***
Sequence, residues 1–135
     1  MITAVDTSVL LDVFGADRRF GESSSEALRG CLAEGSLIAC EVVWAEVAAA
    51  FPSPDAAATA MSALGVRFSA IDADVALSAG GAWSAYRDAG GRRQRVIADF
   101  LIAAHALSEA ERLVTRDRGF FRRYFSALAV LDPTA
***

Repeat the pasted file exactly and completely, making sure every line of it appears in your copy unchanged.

Sequence, residues 1–135
     1  MITAVDTSVL LDVFGADRRF GESSSEALRG CLAEGSLIAC EVVWAEVAAA
    51  FPSPDAAATA MSALGVRFSA IDADVALSAG GAWSAYRDAG GRRQRVIADF
   101  LIAAHALSEA ERLVTRDRGF FRRYFSALAV LDPTA